Socn the bell rang, and shortly after-"
ward the servant enttred with a bundle
of letters, amonir which was that for
Mi.ss PuEsy.
Sn re enough, pussy at once showed
;tn iiitereft, and in a moment had
I c-htcl atit! .' -rith her paw the envelope
addressed to her.
The visitor was about to express her
surprise, when the woman of the house
said: "Wait a moment. She'll open it
and eat up all that is in the envelope."
Scarcely had she said this when Mies
Pussy had torn the envelope open and
was enjoying her letter very much.
The envelope was filled with catnip.'
CORNER DRUG STORES.
The Rapidly Multiplying Saloons ir
Crowding Them from Their
Favorite Place.
The corner drug store, with its flash
ing colored lights, is destined to event
ually disappear. The drug store of the
not. far distant future will be i:i the
center of blocks, especially in the
downtown and business district.
Whether this will be due to the march
of progress is another story. The sa
loons will occupy the corners as a rule.
In Broadway, New York, there are not
half a dozen drug stores on prominent
corners front the Battery to Central
park. The saloons and other businesses
outbid the druggists in the matter of
rents. Tho drug business has been
badly- invaded by dealers in other lines,
who have added to their general stocks
patent medicines, fancy goods, toilet
articles, and the thousand and-' one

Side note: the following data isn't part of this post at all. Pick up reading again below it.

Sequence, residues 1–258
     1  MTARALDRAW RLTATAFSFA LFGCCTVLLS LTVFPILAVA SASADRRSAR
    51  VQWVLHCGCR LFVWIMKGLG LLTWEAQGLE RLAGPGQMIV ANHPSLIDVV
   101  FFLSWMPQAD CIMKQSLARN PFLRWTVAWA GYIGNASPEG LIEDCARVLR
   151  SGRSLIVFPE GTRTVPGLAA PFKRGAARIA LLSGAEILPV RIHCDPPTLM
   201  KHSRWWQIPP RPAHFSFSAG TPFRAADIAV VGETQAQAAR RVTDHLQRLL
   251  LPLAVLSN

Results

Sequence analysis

things no one thought of seeking out
Riil of a re store a few years aj
But the drug stores still hold on to tl,
profitless but accommodating trade
postage stamps.
j Already in Obieapo, says the Chro.
in'.e, "the middle ot the block" hue
' several drv- stores, and p.s least-? 1
Ire 1:1 th coming year there v. i.'t
nrjy removals to similar localities t
j.....u.u. uu..u.,sv.u stuica, mi tin :
count of higher rentals offered '.
other lines cf business, most freque ,
ly from liquor dealers. Already y
loons have been built around sev
downtown corner pharmacies in
shape, and the owners are ea
awaiting the time when an opporti
will come for them to outbid the t.
men for the corner space.
Grass Widows Looking for Worl.
In a recent report made by Lab
Commissioner Eosellc, of the state
Missouri, on the workings of the st:
?mployment bureau in St. Louis, it 1
shown that 70 per cent, of the wome
who apply for work are what is knowt
s grass widows. The commissioner
tays that most of these female appli
cants come from outside cities, nofably
from Chicago, New York and Cincin
nati, and that as a rule they are young
and prepossessing.
Dnstlnar Books.
Fifty pounds ($250) a year is devof erf
to dusting the books in the library o
the house of lords. . -